While we await the return of DUI checkpoints to the Jersey Shore, the Law Office of Frederick P. Sisto is happy to provide tips to help you avoid a wrongful DUI conviction.
With the legalization of recreational marijuana in NJ, there will likely be an increase in charges for driving under the influence of marijuana. While there is not yet a machine like the Alcotest for law enforcement to use to prove marijuana intoxication, there are so-called “drug recognition experts” (DREs) who are used in drugged-driving cases.
The reliability of the (junk) science employed by DREs is at issue with a hearing that is pending before the New Jersey Supreme Court in the Morris County case of State v. MIchael Olenowski. The principal issue is whether the “expert” testimony of a certified DRE is scientifically reliable and admissible under our Rules of Evidence.
If you are suspected of drugged driving, the most important thing that you can do to protect yourself is to politely refuse to make any statements concerning the ingestion of drugs. While there are 12 components of a DRE evaluation, the “expert opinion” is most often based on the defendant’s admission to drug ingestion. The best course of action is to politely refuse to answer any questions aside from those pertaining to basic pedigree information like your name, date of birth, and address. It is also best to politely refuse to consent to a blood or urine sample unless there is a court order to provide one.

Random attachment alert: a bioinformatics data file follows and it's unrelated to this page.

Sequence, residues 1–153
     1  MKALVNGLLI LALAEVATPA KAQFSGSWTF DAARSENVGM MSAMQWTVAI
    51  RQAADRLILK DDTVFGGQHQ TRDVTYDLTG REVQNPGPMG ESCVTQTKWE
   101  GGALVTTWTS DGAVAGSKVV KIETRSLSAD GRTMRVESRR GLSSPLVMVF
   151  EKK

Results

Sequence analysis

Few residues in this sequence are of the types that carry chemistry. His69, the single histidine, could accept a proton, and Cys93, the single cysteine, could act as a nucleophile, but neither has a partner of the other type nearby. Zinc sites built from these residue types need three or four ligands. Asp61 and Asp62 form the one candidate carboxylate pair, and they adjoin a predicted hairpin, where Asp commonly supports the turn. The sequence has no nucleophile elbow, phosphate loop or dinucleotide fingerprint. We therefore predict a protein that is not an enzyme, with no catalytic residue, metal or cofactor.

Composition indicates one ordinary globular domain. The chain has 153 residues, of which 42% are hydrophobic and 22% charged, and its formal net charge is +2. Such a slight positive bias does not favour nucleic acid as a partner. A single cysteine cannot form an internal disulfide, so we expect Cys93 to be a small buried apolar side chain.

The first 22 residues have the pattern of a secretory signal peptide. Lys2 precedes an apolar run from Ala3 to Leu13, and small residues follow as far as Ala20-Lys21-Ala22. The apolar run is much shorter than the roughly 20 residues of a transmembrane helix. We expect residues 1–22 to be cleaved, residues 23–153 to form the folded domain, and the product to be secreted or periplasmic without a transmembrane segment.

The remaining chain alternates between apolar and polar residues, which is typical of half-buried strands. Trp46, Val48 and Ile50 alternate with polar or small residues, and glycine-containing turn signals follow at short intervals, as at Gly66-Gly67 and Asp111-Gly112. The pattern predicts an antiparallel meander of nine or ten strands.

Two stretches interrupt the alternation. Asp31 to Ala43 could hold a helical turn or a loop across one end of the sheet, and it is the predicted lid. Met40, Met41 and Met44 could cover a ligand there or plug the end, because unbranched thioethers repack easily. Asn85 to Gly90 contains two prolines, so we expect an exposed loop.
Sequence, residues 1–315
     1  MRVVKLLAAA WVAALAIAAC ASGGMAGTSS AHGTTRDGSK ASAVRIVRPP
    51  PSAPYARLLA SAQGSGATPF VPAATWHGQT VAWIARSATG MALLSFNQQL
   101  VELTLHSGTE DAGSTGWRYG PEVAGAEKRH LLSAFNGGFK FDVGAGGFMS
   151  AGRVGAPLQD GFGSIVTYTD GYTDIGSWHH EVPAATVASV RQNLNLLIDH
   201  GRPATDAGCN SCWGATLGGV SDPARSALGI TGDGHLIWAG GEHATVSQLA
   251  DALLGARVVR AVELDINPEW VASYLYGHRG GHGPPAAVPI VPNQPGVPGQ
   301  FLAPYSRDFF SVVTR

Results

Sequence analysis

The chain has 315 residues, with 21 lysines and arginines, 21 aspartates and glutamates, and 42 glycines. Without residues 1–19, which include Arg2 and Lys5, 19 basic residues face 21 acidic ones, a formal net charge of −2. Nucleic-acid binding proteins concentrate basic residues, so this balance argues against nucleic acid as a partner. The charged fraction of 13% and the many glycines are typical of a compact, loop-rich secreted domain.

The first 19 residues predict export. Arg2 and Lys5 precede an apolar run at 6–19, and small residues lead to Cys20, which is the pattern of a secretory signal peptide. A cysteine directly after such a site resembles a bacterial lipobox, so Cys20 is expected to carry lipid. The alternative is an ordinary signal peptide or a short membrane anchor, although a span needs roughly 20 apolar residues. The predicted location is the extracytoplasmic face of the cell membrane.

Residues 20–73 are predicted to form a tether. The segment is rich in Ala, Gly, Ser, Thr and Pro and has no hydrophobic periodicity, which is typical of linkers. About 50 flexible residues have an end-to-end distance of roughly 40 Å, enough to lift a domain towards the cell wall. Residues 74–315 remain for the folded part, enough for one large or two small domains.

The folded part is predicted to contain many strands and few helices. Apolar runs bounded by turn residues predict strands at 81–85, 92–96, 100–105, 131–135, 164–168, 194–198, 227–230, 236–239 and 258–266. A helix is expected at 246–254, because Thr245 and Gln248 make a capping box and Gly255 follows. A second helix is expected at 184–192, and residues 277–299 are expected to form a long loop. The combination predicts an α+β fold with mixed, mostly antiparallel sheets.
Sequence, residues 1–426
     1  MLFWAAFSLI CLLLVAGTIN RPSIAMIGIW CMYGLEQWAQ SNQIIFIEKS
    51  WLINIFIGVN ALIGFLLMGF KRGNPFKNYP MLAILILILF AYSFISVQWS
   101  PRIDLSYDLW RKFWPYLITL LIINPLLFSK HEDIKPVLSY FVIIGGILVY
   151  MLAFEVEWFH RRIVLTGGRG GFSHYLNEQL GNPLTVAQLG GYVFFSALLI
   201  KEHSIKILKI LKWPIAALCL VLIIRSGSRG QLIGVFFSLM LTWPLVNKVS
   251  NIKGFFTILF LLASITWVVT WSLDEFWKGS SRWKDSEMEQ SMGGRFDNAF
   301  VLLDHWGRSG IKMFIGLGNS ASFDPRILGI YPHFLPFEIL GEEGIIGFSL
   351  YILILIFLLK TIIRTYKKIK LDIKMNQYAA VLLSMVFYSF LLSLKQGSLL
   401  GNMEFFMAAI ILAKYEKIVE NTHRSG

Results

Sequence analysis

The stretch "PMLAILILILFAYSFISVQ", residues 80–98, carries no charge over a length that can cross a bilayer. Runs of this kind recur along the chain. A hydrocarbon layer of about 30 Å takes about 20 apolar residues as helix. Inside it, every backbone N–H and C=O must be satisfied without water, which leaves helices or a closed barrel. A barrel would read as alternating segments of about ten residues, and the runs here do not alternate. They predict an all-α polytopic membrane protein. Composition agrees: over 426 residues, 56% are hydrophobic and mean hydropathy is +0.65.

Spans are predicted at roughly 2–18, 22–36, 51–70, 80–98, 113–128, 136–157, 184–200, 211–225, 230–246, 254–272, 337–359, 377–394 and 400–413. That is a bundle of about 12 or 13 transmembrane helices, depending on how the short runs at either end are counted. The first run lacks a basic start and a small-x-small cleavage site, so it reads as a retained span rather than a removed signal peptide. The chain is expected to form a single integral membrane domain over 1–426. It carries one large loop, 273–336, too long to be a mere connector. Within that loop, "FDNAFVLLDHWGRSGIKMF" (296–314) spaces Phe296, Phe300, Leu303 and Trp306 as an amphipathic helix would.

While you are at it, you should politely refuse to perform any roadside testing and the DRE evaluation. The DRE evaluation includes: taking your pulse, eye exams, psychological tests, a muscle tone examination, and related questioning.
Note that you are required to submit to breath testing on the Alcotest machine or you will be charged with refusal to submit to breath tests in addition to DUI. It is best to provide breath samples unless it is a first offense DUI and you are substantially certain that your blood alcohol concentration (BAC) is .15 or above.
If you are charged with drugged driving, it is important to hire a qualified criminal defense attorney as soon as possible. Aside from DREs tailoring their “expert” opinions to be consistent with defendants’ admissions to drug ingestion, they also tailor their opinions to be consistent with the results of blood and urine tests. An experienced DUI attorney will know how best to obtain the DREs report before the blood or urine test results are produced by the lab. Then, an “expert” opinion that is inconsistent with the lab results can be used to raise reasonable doubt. If the DRE has the lab results before s/he produces their written report, s/he can tailor their opinion to make their evaluation seem scientifically reliable.
Stay tuned for additional tips and remember that the best DUI defense is a designated driver. Have a good week-end!